Marinated and Grilled Pork Tenderloin

Grilled pork tenderloin
Grilled pork tenderloin

Marinated and Grilled Pork Tenderloin

June 28, 2009

Marinated and Grilled Pork Tenderloin 5 0 5 7

Pork, the other white meat.  That's a slogan we all have heard a million times on commercials.  I'll tell you what though, in my eyes a perfectly grilled pork tenderloin is the ONLY white meat I need.  In reality, I love most cuts of pork.  I love to get messy with some grilled baby back ribs, love to get sauce all over my shirt while eating a pulled pork sandwich and it's hard to beat a simple grilled pork chop.  So I guess you can say I am big on the pig, but to me the pork tenderloin offers the most potential.  This cut of pork is the most healthy cut of pork.  Cut from the back of the pig, it has virtually no fat.  This fact also makes it easy to dry out, for that reason we really need to focus on technique, grill it hot and grill it fast to lock in the juices.   Tenderloins also absorb marinades really well so for this recipe, we are going to marinade our pork tenderloin just to give it a little more flavor.  Let's take a look.


1 - 2 pounds pork tenderloin (2 tenderloins)

1/2 cup Soy sauce

1/4 cup Balsamic vinegar

4 cloves garlic (minced)

1/4 cup brown sugar


1Mix all of the marinade ingredients together and pour into a large Ziplock type bag.  Place the tenderloins in the bag and squeeze out as much air as possible before sealing.  Place the bag in the refrigerator and marinade for at least an hour, up to 24 hours.

2Remove the tenderloins from the marinade about 30 minutes before you are ready to grill and allow to gently warm up on the counter.

3Heat the grill to medium-high heat.

4Now we have a tenderloin that has been soaked in some great flavors, we need to make sure we don't screw it up on the grill!  The key to properly grilling a pork tenderloin is to evenly cook the pork through by grilling each of the four sides.  This cut of pork is tubular, so we want to roll it to each of the four sides while we grill.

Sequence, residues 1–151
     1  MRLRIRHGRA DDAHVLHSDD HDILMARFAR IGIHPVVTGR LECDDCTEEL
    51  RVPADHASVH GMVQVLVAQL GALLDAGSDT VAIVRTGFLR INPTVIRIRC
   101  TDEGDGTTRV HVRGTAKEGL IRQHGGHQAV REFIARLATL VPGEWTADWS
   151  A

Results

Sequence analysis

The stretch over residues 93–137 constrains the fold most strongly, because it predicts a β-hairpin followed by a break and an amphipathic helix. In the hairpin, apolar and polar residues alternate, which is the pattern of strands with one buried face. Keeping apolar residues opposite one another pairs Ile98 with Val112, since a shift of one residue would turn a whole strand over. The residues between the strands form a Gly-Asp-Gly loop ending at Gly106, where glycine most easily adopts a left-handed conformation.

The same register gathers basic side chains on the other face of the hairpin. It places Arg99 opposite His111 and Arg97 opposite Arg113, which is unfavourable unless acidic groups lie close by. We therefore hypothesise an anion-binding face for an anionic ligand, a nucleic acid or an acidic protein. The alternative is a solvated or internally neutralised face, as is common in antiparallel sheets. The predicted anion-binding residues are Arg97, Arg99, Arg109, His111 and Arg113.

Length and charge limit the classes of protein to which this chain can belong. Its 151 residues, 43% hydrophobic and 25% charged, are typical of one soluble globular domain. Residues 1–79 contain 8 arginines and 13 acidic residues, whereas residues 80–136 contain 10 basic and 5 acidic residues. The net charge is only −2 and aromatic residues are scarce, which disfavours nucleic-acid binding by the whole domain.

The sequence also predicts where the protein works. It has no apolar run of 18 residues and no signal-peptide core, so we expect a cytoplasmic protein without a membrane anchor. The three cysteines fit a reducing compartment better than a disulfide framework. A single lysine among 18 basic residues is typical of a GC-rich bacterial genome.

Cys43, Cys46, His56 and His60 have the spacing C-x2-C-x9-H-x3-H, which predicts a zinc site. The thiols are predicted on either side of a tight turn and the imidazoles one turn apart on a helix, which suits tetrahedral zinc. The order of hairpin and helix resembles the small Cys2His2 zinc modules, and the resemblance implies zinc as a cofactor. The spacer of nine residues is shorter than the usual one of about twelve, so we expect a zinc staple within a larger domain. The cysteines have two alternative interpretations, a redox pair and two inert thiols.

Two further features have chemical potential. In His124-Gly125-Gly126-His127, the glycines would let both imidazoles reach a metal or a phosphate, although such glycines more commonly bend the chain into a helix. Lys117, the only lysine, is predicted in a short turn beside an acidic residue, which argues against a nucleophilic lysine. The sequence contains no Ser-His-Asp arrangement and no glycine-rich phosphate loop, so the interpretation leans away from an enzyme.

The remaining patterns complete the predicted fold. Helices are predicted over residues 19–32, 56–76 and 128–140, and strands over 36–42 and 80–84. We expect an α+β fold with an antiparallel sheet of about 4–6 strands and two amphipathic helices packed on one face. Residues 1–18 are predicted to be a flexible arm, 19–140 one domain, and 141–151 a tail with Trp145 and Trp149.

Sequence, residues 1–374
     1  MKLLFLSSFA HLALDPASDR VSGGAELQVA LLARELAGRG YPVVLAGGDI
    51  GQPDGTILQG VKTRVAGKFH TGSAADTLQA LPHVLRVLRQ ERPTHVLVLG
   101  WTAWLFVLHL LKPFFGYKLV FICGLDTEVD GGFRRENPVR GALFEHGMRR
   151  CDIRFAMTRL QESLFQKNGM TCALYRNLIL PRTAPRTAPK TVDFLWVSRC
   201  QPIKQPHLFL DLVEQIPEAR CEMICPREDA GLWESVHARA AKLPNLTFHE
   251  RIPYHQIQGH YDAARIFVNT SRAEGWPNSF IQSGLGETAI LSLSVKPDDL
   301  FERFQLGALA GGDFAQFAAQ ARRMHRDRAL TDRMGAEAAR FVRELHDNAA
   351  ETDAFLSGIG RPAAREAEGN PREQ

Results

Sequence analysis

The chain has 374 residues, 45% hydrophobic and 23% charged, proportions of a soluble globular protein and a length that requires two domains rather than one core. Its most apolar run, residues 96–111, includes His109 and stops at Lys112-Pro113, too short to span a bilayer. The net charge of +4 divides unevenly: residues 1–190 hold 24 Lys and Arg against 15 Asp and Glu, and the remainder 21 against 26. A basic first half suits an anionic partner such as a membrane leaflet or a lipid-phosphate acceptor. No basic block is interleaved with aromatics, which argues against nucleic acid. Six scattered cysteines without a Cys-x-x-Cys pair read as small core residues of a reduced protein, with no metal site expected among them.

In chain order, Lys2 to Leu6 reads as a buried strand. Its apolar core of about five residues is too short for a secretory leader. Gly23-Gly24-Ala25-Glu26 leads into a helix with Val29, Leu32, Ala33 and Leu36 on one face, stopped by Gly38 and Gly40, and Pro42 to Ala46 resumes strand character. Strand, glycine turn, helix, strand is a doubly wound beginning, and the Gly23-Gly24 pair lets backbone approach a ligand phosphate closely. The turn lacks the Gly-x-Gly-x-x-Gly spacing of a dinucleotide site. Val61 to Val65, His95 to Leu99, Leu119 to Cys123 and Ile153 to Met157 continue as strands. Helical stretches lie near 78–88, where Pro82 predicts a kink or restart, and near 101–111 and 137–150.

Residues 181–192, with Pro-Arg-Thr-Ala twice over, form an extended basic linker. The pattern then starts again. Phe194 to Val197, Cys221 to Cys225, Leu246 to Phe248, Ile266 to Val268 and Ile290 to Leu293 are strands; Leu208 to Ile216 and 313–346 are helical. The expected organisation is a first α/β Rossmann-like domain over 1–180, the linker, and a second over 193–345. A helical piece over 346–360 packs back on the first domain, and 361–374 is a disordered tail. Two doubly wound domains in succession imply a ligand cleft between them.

5Once the grill is heated, place the tenderloin on the grill and grill the first side for around 5 minutes (times vary per grill, you are looking for a nice crust to form like shown in the photo, but not too much charring!).

6After 5 minutes, roll the tenderloin onto the the next side and grill for another 5 minutes.

7You know the drill now, 5 minutes per side, until an instant thermometer reads around 150 degrees.

8Allow the tenderloin to rest on a platter for about 10 minutes before you slice into it, we want those juices to redistribute.

Grilled pork tenderloin is an awesome, lean cut of pork.  If you don't have time to marinade, no sweat, it will be delicious with some Kosher salt and black pepper.  The key is to grill it properly, over high heat and turning often so you don't dry it out.  If you do have the time though, try it marinated, it's well worth the wait!


7 Reviews


December 23, 2015

this recipe is so easy so awesome. The flavor is simple and superb, and the grilling instructions are excellent. I don’t know if I ever will make it different, although I am considering some rosemary in the marinade. The only thing I do a bit different is I simmer the marinade for 30-60 sec to soften the garlic.

And the longer you marinade, the better. My family loves this.


December 19, 2015

Delicious! Everyone loved it. Best marinade!


December 19, 2015

Delicious!!! Everyone loved it! Best marinade!


September 7, 2015

This is my go-to pork tenderloin recipe. It is always a favorite of anybody we grill for.


August 30, 2015

This recipe has become my go-to recipe when i want to grill pork tenderloin. It is excellent and I always get compliments on the marinade. I do try to marinate it overnight or at least all day. A real winner!

Had to leave a comment because it was bothering me that there was only one other review. This is a must try recipe.


August 12, 2015

great stuff…but, just wondering, what’s the difference between this recipe and brining, this one is in direct heat, for 15m, as opposed to your brining recipe that calls to cook indirect for an hour… what’s the taste difference? I’ll have to try both, I am sure… but just wondering what the different techniques, bring to the table?


July 10, 2015


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